(HealthDay News) — For patients with hypertriglyceridemia, LDL cholesterol, and triglyceride reductions depend of the choice and dose of statin, according to research published in The American Journal of Cardiology.
Björn W. Karlson, MD, PhD, from AstraZeneca and the University of Gothenburg in Sweden, and colleagues used data from the individual patient meta-analysis of statin therapy in at-risk groups: effects of rosuvastatin, atorvastatin, and simvastatin meta-analysis to examine LDL cholesterol and triglyceride reductions in patients with baseline triglycerides of at least 177 mg/dL. Using 15 800 patient exposures to rosuvastatin, atorvastatin, and simvastatin, the least squares mean percentage change from baseline in LDL cholesterol and triglycerides were compared.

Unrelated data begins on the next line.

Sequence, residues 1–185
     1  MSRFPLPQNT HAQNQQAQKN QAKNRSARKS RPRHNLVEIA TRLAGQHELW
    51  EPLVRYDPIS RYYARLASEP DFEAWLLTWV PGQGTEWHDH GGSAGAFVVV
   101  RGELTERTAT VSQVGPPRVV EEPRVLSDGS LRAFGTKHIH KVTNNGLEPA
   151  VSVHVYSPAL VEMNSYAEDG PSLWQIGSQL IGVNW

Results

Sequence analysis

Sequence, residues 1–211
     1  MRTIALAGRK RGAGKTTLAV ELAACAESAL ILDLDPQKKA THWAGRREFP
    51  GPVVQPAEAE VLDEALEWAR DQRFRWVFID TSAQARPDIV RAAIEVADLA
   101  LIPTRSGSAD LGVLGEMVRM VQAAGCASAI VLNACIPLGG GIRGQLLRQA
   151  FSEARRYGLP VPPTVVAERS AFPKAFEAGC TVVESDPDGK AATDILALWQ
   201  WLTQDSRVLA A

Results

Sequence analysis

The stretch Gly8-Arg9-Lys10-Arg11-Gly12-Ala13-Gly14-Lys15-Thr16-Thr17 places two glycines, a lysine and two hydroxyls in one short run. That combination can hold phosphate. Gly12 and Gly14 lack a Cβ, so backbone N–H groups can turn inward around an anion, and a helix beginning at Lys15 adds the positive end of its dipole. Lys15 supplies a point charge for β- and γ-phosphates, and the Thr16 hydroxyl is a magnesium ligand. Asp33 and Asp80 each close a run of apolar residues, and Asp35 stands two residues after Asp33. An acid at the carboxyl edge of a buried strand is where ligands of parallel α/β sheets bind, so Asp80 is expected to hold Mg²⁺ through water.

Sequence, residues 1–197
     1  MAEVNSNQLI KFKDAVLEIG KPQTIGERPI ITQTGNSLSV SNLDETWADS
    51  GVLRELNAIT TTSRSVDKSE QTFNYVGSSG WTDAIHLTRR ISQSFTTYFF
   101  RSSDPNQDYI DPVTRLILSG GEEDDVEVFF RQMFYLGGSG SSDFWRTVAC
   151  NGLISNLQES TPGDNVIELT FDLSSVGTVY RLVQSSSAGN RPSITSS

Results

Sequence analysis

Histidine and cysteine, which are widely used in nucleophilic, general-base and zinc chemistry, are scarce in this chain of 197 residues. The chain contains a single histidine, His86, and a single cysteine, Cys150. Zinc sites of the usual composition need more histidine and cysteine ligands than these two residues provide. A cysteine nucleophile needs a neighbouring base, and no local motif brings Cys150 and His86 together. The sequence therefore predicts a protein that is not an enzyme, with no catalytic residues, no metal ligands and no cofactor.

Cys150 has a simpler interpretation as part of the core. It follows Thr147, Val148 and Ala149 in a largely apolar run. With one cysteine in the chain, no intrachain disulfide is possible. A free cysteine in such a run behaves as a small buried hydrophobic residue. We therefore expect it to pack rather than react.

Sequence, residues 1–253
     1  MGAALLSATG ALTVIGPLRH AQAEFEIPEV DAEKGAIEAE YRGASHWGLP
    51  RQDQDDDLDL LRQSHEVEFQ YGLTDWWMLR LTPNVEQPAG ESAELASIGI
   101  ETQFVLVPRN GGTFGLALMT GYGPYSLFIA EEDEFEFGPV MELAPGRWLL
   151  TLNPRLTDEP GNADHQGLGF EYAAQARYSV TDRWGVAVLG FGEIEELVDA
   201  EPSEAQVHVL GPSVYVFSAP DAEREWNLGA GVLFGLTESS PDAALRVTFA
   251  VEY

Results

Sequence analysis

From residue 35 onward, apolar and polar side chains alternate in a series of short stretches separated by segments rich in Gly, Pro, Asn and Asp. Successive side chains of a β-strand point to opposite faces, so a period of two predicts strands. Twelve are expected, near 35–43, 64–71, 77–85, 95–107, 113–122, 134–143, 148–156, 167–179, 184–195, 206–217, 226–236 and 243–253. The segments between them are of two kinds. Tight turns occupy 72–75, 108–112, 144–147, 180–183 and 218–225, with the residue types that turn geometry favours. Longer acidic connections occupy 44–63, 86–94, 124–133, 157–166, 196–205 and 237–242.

The researchers found that the mean reductions in LDL cholesterol varied from −26.9% to −55.5%. Significantly greater reductions in LDL cholesterol were seen for 10 mg to 40 mg rosuvastatin vs equal or double doses of atorvastatin and simvastatin (P<.05). The mean reductions in triglycerides varied from −15.1% to −31.3%.
Significantly greater reductions were seen for rosuvastatin 10 mg vs atorvastatin 10 mg (P<.05); similar reductions were seen for 20 mg to 40 mg rosuvastatin vs equal doses of atorvastatin. Significantly greater reductions were seen for rosuvastatin 20 mg to 40 mg vs equal or double doses of simvastatin (P<.05).
“In patients with hypertriglyceridemia, LDL cholesterol reduction was substantial and dependent on the choice and dose of statin,” the researchers wrote.
Several authors disclosed financial ties to AstraZeneca, which funded the study.